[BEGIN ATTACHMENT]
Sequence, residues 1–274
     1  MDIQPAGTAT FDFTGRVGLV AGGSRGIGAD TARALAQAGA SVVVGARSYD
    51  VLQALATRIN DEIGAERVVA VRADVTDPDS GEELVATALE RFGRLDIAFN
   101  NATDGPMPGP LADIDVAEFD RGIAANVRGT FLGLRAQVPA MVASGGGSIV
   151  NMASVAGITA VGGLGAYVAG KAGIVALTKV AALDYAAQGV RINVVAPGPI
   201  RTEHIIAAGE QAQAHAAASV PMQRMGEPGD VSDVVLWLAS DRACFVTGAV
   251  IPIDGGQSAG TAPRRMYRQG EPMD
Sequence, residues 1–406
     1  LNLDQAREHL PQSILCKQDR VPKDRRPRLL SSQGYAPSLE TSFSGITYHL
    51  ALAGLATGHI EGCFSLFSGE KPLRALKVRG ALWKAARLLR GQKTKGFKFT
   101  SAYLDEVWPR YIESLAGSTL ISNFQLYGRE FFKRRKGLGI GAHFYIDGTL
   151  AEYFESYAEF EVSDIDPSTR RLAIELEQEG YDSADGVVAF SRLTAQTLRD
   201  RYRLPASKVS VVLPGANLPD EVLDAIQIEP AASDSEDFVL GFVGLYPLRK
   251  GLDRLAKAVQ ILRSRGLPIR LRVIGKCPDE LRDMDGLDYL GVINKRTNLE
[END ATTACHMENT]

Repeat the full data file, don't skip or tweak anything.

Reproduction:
Sequence, residues 1–274
     1  MDIQPAGTAT FDFTGRVGLV AGGSRGIGAD TARALAQAGA SVVVGARSYD
    51  VLQALATRIN DEIGAERVVA VRADVTDPDS GEELVATALE RFGRLDIAFN
   101  NATDGPMPGP LADIDVAEFD RGIAANVRGT FLGLRAQVPA MVASGGGSIV
   151  NMASVAGITA VGGLGAYVAG KAGIVALTKV AALDYAAQGV RINVVAPGPI
   201  RTEHIIAAGE QAQAHAAASV PMQRMGEPGD VSDVVLWLAS DRACFVTGAV
   251  IPIDGGQSAG TAPRRMYRQG EPMD
Sequence, residues 1–406
     1  LNLDQAREHL PQSILCKQDR VPKDRRPRLL SSQGYAPSLE TSFSGITYHL
    51  ALAGLATGHI EGCFSLFSGE KPLRALKVRG ALWKAARLLR GQKTKGFKFT
   101  SAYLDEVWPR YIESLAGSTL ISNFQLYGRE FFKRRKGLGI GAHFYIDGTL
   151  AEYFESYAEF EVSDIDPSTR RLAIELEQEG YDSADGVVAF SRLTAQTLRD
   201  RYRLPASKVS VVLPGANLPD EVLDAIQIEP AASDSEDFVL GFVGLYPLRK
   251  GLDRLAKAVQ ILRSRGLPIR LRVIGKCPDE LRDMDGLDYL GVINKRTNLE